Common On How to Be More Open, Honest And When To Say I Love You

To celebrate 'Let Love' please enjoy our brand new interview with Common. This follows up from his classic cover feature which was published around the 'Be' album release.

October 2019 - Extract from full feature, now available to BLAG subscribers

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Interview by Sally A. Edwards

Photography by Sarah J. Edwards

The conversation Common and I had should really be called a public service announcement.

We’ve covered timeless and urgent situations as well as emotions that we’re all dealing with – like how to be calm in the face of negativity, how to find inner peace, being kinder to one another, listening and quite possibly the biggest of them all: how and when to say, ‘I love you.’

Before that, I want to give you a little history, first hand of how I’ve seen Common grow, expand and live out his dreams. For those who say people can’t or don’t change or that plasticity can’t change, here’s some proof and a little additional encouragement for you:

Sarah and I first met Common around the time he released, ‘One Day It’ll All Make Sense’ back in 1997. It was then he was a very different person – cautious, seemed quite angry and had just become a father. The night before we met, he’d performed in Camden and a local rapper challenged Common to a battle, then went on to humiliate and hurl a phenomenal amount of abuse at him. Common’s retaliation was met with booing - hard to believe. He said “that’s just a battle”. Now Common has a whole page online dedicated just for nominations and awards including an Oscar.

Then three years later, Common released, ‘Like Water For Chocolate’. I was freelancing and asked to interview him. I accepted unsure of how I’d be met, but knowing I had bills to pay. I was sent to a hotel in North West London to meet him. When I arrived, the publicist wasn’t there and told me by mobile to find Common, trusting I’d get the job done. In reception his entire entourage flanked him along with all their luggage. I had to get my way through climbing over suitcases to reintroduce myself. It was here I met the Common I’ve known ever since: Friendly, accommodating and extremely enthusiastic about his art.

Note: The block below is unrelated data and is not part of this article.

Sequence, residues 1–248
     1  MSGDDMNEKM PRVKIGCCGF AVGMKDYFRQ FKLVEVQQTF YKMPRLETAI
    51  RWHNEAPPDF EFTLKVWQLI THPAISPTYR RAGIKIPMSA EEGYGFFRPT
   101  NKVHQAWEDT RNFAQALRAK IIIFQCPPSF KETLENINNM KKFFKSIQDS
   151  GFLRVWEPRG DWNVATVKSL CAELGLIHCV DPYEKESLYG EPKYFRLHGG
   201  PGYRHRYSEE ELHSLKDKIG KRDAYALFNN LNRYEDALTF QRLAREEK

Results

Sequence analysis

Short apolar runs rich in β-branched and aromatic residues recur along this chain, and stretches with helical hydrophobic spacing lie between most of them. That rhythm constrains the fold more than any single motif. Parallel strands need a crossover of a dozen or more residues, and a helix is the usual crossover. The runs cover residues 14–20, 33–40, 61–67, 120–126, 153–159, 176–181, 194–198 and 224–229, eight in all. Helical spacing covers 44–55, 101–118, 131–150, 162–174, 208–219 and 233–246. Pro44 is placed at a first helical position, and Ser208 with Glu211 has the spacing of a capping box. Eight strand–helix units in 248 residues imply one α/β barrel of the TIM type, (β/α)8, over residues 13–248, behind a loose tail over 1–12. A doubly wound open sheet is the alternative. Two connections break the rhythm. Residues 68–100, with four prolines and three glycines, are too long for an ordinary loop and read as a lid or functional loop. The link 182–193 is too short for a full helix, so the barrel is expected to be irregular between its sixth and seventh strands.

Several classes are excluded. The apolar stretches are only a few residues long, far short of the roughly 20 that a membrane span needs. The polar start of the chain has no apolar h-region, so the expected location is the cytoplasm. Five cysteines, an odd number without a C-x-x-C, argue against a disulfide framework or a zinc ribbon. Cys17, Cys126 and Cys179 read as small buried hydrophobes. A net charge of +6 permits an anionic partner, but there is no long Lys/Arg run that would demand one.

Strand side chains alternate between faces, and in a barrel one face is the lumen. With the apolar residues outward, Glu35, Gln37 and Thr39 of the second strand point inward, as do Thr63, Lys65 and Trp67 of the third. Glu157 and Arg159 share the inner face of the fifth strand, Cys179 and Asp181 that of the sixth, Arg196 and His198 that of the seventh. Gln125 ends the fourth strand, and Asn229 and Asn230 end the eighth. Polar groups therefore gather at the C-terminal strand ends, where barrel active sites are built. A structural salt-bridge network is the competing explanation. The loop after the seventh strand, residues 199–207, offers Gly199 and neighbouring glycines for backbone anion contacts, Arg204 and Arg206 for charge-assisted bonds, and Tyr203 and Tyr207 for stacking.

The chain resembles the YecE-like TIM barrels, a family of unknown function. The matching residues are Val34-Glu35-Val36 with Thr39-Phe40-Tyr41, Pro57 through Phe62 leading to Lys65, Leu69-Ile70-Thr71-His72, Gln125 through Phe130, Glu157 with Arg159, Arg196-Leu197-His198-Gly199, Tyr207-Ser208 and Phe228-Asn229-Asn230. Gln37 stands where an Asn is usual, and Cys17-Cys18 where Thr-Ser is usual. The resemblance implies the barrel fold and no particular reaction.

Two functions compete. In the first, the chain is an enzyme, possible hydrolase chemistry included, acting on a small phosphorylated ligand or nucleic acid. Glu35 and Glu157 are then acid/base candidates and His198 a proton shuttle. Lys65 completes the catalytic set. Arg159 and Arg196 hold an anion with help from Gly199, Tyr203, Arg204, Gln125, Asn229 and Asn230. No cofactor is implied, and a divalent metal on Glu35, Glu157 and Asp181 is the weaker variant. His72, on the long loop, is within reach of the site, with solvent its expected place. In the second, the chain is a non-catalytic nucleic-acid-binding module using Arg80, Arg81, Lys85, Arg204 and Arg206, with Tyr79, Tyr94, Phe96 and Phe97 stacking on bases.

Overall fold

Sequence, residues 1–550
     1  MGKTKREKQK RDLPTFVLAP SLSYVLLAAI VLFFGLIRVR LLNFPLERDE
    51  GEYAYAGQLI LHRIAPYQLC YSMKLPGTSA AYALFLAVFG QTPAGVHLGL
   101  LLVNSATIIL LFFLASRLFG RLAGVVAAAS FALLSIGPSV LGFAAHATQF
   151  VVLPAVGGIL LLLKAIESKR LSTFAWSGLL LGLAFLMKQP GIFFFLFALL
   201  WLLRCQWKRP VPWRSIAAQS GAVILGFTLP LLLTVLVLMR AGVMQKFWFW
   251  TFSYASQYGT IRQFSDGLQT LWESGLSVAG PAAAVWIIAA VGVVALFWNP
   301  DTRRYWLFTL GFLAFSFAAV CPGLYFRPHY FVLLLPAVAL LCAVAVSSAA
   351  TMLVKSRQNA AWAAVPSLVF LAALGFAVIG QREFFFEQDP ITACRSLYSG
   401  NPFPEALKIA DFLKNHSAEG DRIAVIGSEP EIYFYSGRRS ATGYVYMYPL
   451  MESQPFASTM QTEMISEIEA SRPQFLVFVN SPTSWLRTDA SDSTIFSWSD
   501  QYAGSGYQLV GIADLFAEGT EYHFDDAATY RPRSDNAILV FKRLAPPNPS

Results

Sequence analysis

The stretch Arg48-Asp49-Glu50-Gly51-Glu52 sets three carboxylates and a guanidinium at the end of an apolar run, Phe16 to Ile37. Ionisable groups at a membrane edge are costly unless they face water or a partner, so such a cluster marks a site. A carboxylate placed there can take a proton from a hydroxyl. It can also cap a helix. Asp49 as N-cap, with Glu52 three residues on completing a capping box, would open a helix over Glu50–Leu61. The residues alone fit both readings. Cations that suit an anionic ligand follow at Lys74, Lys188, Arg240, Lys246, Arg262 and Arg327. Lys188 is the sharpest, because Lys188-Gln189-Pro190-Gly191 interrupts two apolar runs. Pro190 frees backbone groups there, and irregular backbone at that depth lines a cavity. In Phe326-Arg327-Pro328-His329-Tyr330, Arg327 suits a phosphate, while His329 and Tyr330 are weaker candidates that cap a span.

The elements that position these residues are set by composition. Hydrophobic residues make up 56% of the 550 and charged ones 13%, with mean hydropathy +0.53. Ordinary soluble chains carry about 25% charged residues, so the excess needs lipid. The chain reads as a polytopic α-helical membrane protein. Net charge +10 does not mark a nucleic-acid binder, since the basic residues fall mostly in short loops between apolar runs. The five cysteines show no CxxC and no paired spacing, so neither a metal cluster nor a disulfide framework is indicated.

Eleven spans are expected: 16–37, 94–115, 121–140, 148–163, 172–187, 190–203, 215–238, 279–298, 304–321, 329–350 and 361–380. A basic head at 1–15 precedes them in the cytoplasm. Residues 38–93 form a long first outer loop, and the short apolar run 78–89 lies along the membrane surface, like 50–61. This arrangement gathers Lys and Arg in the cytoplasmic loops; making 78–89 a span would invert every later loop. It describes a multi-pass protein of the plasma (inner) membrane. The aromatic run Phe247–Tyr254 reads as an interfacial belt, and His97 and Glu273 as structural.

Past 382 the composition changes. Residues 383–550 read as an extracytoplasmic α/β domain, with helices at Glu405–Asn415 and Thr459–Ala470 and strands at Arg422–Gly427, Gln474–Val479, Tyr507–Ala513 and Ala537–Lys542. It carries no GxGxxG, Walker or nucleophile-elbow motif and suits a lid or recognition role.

‘Like Water For Chocolate’ was produced by the Soulquarians and featured artists BLAG consider family and have supported since the early days: Questlove, Jay Dilla and Yasiin Bey. This album featured, ‘The Sixth Sense’ and ‘The Light’ which was Grammy nominated. It was critically acclaimed and became Album of The Year for many authoritative outlets.

Two years later was the arrival of ‘Electric Circus’, which unfortunately didn’t meet the expectations of those unwilling to hear Common widen and experiment with sound. This was a tough chapter. You’ll read more about this in our conversation.

By 2005, Sarah and I were full time and knee deep in BLAG. We worked with world renowned brands to create and produce launches, original seeding campaigns and content. One client wanted us to help with the European Launch for a camera company who were releasing the first camera / music player. We were tasked with finding the venue, style and guests along with booking talent too. We chose sketch - now the most instagrammed building in London, and Common to headline. Common, his band and team flew in from all points in the States. Greeting them as they arrived into town, it was here I met another evolved Common.

He completely and utterly thrilled our guests and clients. We’re thankful the launch was a huge success and talked about for months after.

It was then I interviewed Common again for his BLAG cover and set him up with a notorious freestyle challenge. During this interview we learnt he was taking acting lessons from Greta Seacat, had stopped eating dairy and was truly taking care of number one. He was also getting ready to release ‘Be’, his sixth studio album with production credits this time including Kanye, more on this later.

Many would think of this as his tipping point. I, would personally suggest it’s ‘Electric Circus’ because this is the classic low point that fuelled ‘Be’ and everything that followed.